Milo And Camel Milk Are The Shonkiest Things You Can Buy

So maybe avoid mixing the two.

05/10/2016 1:39 PM AEDT | Updated 05/10/2016 6:51 PM AEDT
Adam Gault
Nestle have been caught out, just a little.

Milo and a camel milk company have been named among the shonkiest products on the market in 2016, alongside a handful of other products shamed on Wednesday as Choice held its annual Shonky Awards.

Samsung also topped the awards for "offloading dangerous products" including the Galaxy Note7, which was recalled weeks after its release as some phones began exploding.

"The Shonkys are the awards that we'd prefer not to give out," Choice Chief Executive Alan Kirkland said on Wednesday following the awards.

"But yet again, we've caught out some of the world's biggest brands with misleading advertising, dangerous products and sneaky tricks to rip off consumers."

So here are the best of the worst, with all their misleading glory.


Nestle was awarded for "health washing Milo" as the company claims Milo earns a four-and-a-half Health Star Rating. The rating system has been implemented by the Federal Government to help guide Aussies in making healthier choices in the supermarket.

However, if you read the small print, the generous star rating on Milo is calculated ONLY if you mix the Milo with skim milk.

On its own, Milo receives a one-and-a-half star rating because it's 46 percent sugar. Which only makes sense, because its so damn delicious.

Fairfax: Esther Han
Milo is 46 percent sugar.

Green and Clean's bottled air

Choice awarded this product among the shonkiest for "literally selling thin air". The product boasts bottled air from Bondi to the Blue Mountains with "upward of 255 breaths" per bottle. Choice claims the 'health product' targets cashed-up tourists hoping to maintain good health while returning to their highly polluted cities.

And with 12 bottles setting you back $246.26, we see what they're getting at.

Camel Milk Victoria

Choice has shamed the camel milk company for "milking the health benefits of this alternative dairy product".

Camel Milk Victoria claims their milk product is "known to help improve the immune system by fighting off bacteria and infections and aid those who have autism, diabetes, tuberculosis, cancer, stomach ulcers and more."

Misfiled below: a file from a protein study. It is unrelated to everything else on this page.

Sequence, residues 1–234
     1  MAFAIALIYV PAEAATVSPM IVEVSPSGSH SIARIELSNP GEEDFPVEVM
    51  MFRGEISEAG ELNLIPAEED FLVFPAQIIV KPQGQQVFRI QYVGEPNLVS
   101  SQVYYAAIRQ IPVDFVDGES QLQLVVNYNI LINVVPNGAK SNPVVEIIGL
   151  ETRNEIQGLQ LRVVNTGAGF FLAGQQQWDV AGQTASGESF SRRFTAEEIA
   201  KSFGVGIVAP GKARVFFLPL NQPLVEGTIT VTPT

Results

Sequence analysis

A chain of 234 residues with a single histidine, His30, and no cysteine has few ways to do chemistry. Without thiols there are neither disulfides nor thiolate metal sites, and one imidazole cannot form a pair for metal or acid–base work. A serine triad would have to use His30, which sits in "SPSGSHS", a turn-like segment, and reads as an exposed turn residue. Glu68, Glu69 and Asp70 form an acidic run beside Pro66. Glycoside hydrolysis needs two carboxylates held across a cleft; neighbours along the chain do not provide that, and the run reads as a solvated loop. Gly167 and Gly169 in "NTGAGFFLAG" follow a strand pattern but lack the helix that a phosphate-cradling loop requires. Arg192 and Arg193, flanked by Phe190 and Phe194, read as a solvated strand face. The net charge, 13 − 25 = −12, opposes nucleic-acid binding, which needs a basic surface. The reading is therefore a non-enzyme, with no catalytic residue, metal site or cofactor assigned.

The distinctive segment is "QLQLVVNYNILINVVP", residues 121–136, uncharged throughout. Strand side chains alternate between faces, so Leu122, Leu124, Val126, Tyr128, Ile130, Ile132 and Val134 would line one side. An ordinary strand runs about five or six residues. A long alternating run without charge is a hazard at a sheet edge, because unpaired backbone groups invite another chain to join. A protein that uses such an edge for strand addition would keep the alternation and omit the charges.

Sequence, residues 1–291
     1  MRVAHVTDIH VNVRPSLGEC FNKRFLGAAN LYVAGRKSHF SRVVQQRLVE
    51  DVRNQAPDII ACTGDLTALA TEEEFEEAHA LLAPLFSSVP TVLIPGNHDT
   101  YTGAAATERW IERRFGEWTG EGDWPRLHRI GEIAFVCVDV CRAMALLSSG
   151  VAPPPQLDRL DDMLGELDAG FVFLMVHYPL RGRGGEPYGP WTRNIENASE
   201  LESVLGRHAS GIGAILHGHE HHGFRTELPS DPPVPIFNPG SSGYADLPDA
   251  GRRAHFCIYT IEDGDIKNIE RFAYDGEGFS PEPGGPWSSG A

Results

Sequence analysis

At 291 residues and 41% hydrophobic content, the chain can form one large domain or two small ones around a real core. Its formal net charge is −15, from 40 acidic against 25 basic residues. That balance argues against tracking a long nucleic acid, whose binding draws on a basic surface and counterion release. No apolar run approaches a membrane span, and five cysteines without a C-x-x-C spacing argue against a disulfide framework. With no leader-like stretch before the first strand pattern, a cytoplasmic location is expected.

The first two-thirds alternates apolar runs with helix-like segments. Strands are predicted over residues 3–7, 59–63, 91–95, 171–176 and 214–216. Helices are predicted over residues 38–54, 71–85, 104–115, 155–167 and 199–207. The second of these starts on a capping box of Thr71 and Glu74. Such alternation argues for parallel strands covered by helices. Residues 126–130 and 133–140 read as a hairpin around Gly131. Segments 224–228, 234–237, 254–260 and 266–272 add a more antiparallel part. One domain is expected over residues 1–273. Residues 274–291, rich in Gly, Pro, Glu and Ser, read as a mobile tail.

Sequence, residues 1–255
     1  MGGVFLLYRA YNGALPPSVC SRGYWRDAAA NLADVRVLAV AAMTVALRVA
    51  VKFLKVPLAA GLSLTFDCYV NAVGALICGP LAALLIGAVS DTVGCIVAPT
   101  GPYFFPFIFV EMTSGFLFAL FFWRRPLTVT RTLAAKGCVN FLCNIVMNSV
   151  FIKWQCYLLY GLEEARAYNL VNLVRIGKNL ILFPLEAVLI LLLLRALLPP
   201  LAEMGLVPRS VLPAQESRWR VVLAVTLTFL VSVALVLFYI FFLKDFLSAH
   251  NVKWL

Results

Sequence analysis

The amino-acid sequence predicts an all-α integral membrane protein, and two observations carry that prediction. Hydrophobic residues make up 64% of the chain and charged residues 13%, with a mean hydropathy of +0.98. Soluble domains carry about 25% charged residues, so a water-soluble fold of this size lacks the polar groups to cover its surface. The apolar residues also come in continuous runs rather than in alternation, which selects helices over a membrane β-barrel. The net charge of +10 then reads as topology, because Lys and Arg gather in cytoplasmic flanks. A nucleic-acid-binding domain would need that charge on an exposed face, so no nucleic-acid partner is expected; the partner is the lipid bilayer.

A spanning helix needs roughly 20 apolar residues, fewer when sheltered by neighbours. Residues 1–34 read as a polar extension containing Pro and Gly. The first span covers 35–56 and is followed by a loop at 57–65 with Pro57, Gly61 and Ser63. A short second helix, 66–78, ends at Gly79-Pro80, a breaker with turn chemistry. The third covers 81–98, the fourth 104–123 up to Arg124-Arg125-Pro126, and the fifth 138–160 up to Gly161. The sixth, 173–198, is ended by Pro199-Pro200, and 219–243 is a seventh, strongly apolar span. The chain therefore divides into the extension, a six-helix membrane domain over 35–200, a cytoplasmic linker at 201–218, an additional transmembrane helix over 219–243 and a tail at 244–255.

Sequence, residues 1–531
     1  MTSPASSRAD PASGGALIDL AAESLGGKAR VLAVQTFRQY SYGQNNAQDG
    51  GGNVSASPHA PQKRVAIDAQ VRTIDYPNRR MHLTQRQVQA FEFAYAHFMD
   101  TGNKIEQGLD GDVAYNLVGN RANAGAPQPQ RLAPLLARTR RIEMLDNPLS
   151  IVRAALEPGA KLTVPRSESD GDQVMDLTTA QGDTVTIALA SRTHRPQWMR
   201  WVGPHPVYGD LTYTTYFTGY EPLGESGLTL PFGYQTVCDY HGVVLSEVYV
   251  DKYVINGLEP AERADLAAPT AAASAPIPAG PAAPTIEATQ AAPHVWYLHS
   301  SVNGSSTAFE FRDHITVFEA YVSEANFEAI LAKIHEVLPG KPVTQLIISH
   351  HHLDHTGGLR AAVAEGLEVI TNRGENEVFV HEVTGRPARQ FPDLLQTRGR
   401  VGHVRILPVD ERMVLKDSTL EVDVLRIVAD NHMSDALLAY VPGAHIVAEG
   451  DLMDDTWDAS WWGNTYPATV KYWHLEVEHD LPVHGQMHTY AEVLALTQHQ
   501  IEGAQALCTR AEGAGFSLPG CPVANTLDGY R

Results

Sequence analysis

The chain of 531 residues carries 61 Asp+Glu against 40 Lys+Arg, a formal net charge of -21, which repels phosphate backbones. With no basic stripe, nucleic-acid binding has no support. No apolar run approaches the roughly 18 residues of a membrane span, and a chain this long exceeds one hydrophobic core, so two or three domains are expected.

Choice checked these claims with the food regulator and they don't stand up, so the company has been referred to the ACCC.

And to top it all off, it's a casual $21 a litre.

Fairfax: Esther Han
Camel Milk is more than $20 per litre.

The other six companies awarded with 'Shonkys' include:

  • Kellogg's Pringles for dropping the the chip and tub size but dropping the product cost by only 10 cents.
  • Medical Weightloss Institute for charging people $4400 for a weightloss program relying solely on drugs (one which has been pulled off the market) and promising reduced diet and increased exercise are not needed.
  • Cash Converters for promoting its payday loans on its handy cost-cutting tips website.
  • Amex for promoting 'surcharge free' products while still maintaining "one of the highest cost cards in the market" according to Choice.
  • Vanish for charging $14.70 per bottle of Vanish Preen Powerpowder Clean and Fresh Large Area Carpet Cleaner which water outperformed in cleaning carpet. Choice tested it.
  • Samsung for the Galaxy Note7 recall following a recall of 144,000 dodgy top loader washing machines in 2015.

And Choice have re-advertised accordingly. Enjoy.

Vanish has responded to the awards and a spokesman told HuffPost Australia all product claims are backed by testing.

"Vanish Preen Powerpowder is designed to remove ground in dirt from carpet surfaces. As indicated on the product label, it is recommended that other types of bleachable or oil based stains -- for example red wine, coffee, or sauce -- be pre treated with an appropriate product for those stains," Vanish said in a statement.

"In conducting their performance test, Choice used Vanish Preen Powerpowder on stains other than ground in dirt (what the product is designed for)."

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